Texaco has halted the decline in its U.S. oil and gas productionand expects to maintain first quarter levels through the rest ofthe year, Comptroller George Batavik told analysts Wednesday.

Texaco’s U.S. natural gas production was down for the quarter toabout 1.487 Bcf/d or 9% less than the 1.738 Bcf/d produced in 1Q98.U.S. crude oil and natural gas liquids production was 406 b/d inthe quarter just ended, down about 10% from the 452 b/d in 1Q98.

Responding to analysts’ questions on a Internet conference call,Batavik said that despite forecasts for higher oil and gas prices,Texaco had “no plans to adjust capital spending” to increaseproduction. Projects already underway should replace decliningproduction on the Gulf Coast and the Gulf of Mexico. Batavik saidTexaco expects the Gemini project in the Gulf to start producingabout 100 MMcf/d about mid-year, which would offset decliningnatural gas production rates.

Meanwhile Texaco Chairman Peter Bijur told the company’s annualmeeting in Rye, NY, “we think oil prices have turned the corner,”citing the OPEC countries’ decision to hold some production off themarket. Plus the world economy appears to be on the mend. Bijurcited hopeful signs from developing Asia, Europe, Russia andBrazil, with only Japan as “a serious soft spot.” A strongereconomy will require more energy this year and in 2000, Bijur said.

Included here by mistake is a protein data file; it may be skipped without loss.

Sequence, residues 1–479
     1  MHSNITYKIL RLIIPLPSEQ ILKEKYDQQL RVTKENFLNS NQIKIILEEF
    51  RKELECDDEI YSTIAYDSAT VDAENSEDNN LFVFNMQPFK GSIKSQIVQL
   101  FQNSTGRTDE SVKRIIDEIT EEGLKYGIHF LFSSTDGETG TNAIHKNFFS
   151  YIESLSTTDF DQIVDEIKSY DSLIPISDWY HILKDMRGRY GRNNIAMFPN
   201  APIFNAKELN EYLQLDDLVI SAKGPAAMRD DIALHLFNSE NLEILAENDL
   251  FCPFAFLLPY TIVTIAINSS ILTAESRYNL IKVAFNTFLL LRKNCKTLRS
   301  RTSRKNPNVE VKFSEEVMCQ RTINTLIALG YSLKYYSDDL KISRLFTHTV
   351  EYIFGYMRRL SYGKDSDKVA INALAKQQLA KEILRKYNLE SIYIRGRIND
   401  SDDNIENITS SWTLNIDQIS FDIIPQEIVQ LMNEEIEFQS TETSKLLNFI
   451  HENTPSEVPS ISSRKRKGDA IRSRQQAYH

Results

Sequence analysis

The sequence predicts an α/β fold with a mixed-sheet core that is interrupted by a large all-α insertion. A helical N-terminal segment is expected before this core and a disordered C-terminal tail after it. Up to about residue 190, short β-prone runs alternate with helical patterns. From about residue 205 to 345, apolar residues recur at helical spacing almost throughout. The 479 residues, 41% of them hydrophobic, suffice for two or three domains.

Bijur did not rule out new mergers or acquisitions for Texaco,but “we are not interested in a merger solely for the sake ofgetting bigger.” He pointed out there were other ways to improveshareholder value, including a successful exploration program andalliances such as those the company made last year in the U.S. withShell and Saudi Aramco. Texaco has targeted a total of $650 millionin costs to be eliminated this year and next.

“These cost cuts could boost Texaco’s return on capital employedby about 2%, which is the same level we calculate will be generatedby the savings announced through the Exxon/Mobil merger and theBP/Amoco merger.”

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